The Story of Machine Proofs - Part II by@neighborhoodoftruth

The Story of Machine Proofs - Part II

Sharad Sundararajan Hacker Noon profile picture

Sharad Sundararajan


Table of contents

  • Introduction
  • Landscape part-1 - Theorem prover as a system
  • Accomplishments
  • Theorem Proving Systems  - Tradeoffs & Architectures
  • Landscape part-2 - Distribution of efforts across provers
  • Conclusion


A quick recap. In “The story of machine proofs —  Part-1”, we covered how humans approached formal mathematical proofs, then introduced early attempts at machine proofs and ended with this picture depicting our journey to Centaur Theorem Provers. (Figure-1):


Figure-1: Centaur Theorem Provers Journey

We’ll dig into both the machine-only and human-in-the-loop provers but here’s what you can expect to take away from part-2 of this series:

  • Landscape of theorem provers;
  • Comparison: Where they differ from one another;
  • Status check: How close machines have gotten to humans in automated reasoning

One point to note is that humans have been in the loop for a while now so it is more the degree of their involvement that has changed over the years. As noted back in 1969 in Semi-Automated Mathematics [Guard et al.], the idea isn’t new.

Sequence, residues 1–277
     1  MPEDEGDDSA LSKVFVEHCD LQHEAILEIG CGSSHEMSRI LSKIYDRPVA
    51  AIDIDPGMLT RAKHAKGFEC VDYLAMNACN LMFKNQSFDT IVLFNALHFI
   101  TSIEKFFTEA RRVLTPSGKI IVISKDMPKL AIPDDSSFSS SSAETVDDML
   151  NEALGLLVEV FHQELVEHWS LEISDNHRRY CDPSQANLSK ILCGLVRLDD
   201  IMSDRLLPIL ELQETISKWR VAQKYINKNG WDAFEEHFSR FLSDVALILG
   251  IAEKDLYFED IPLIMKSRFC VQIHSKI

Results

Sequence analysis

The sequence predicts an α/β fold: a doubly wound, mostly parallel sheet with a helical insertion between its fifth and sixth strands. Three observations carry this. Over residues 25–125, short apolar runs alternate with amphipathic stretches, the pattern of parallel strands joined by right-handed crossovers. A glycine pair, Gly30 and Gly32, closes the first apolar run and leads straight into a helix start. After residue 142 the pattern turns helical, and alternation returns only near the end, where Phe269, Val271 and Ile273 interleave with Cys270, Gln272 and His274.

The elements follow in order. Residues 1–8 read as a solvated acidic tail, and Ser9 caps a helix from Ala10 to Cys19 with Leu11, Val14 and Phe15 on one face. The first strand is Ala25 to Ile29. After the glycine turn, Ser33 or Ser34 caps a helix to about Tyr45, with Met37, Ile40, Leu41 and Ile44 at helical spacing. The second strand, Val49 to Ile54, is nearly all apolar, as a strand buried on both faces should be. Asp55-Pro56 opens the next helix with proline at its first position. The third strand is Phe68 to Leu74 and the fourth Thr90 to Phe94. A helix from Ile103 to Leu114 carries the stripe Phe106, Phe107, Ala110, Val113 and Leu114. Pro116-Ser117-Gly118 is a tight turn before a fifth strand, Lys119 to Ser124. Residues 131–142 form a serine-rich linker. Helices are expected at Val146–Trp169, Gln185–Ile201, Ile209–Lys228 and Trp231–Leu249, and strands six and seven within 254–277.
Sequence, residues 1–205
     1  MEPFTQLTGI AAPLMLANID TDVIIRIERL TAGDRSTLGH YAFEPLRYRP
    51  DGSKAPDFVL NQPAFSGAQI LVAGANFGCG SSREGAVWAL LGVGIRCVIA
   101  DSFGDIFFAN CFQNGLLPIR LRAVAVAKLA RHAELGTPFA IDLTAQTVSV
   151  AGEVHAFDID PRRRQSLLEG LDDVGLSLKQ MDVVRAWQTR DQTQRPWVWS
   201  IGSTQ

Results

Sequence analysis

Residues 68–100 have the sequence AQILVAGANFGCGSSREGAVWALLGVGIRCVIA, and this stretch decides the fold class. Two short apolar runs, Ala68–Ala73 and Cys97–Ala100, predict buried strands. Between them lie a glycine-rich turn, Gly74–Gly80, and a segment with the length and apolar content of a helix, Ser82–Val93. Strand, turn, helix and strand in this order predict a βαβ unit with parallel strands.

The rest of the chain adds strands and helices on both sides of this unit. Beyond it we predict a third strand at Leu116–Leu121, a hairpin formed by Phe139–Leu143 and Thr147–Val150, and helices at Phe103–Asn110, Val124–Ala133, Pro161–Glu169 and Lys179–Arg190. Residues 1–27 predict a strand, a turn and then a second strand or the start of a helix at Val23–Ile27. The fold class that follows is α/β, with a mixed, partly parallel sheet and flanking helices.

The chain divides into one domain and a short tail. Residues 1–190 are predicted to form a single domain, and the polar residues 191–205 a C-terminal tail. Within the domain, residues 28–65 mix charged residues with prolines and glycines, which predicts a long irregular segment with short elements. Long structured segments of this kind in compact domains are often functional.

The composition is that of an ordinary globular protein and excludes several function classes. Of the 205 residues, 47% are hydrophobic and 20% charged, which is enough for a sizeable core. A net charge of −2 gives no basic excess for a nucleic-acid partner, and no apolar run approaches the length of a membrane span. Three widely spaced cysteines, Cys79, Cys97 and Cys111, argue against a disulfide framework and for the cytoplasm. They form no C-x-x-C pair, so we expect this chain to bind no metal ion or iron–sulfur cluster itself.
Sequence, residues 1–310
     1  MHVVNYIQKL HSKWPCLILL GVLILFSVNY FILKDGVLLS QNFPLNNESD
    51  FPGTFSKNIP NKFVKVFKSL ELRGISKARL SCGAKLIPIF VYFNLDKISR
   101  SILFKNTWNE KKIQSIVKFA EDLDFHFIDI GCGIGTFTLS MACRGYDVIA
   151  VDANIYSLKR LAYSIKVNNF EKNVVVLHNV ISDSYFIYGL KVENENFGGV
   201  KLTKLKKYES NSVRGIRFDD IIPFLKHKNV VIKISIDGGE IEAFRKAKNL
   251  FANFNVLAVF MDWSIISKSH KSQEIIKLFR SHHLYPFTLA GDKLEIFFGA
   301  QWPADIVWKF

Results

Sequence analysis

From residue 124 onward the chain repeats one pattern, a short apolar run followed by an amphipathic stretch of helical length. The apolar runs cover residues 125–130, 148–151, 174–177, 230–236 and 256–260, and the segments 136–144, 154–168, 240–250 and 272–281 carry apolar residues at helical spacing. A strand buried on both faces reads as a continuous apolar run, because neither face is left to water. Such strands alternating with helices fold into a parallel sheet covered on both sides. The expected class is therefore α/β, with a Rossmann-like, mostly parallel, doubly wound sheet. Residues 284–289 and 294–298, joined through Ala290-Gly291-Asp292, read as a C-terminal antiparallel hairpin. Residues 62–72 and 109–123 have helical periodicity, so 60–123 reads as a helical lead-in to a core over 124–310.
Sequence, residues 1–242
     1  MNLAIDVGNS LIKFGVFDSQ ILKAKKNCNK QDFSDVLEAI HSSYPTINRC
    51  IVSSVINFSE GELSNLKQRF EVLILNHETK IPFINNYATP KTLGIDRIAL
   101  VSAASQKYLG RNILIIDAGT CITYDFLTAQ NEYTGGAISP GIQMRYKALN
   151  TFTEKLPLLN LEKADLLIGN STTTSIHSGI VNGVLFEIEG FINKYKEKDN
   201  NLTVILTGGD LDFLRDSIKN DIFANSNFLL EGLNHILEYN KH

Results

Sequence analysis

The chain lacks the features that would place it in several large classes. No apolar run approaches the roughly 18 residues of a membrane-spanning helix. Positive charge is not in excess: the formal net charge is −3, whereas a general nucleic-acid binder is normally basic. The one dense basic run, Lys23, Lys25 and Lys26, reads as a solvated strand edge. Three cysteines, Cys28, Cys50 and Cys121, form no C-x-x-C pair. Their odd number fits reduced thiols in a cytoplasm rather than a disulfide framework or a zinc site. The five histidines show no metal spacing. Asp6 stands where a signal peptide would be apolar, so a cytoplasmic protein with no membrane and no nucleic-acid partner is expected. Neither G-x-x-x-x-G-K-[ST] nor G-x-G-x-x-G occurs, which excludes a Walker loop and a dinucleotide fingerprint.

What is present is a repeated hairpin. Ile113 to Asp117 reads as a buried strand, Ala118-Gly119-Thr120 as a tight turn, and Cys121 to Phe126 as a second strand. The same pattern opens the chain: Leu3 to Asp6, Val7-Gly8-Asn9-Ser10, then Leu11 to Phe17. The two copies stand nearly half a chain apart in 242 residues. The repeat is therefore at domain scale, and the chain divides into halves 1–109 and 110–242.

“Semi-automated mathematics is an approach to theorem-proving which seeks to combine automatic logic routines with ordinary proof procedures in such a manner that the resulting procedure is both efficient and subject to human intervention in the form of control and guidance. Because it makes the mathematician an essential factor in the quest to establish theorems, this approach is a departure from the usual theorem-proving attempts in which the computer unaided seeks to establish proofs.”

But it has required deliberate attention and effort to generate human readable proofs or any intermediate meaningful representations at critical stages of the pipeline in order to allow humans to guide the machine and co-create proofs.

Let’s start with some wins from computer assisted proofs in the last few decades:

A note on SAT-solver mentioned above - It is a very important concept in the context of theorem provers. SAT stands for SATisfiability. The idea is that if we can replace variables in a boolean expression or formula by TRUE or FALSE such that the formula evaluates to TRUE, then we consider it to be satisfiable. This turns out to be an NP-complete problem, that is, there is currently NO known algorithm (yet to be “proven” though — see P vs NP) that can solve all possible input instances in polynomial time. That said, A SAT-solver uses efficient heuristic approaches and approximations and is heavily used to solve problems in the semiconductor space, AI and Automated Theorem Proving. Just within EDA (Electronic Design Automation) where I spent over 15 years I’ve seen it be actively used for combinational equivalence checking, logic optimizations, circuit delay computation, bounded model checking and test pattern generation.

Back to theorem provers …

Landscape part-1 - Theorem prover as a system

“Names don’t constitute knowledge!”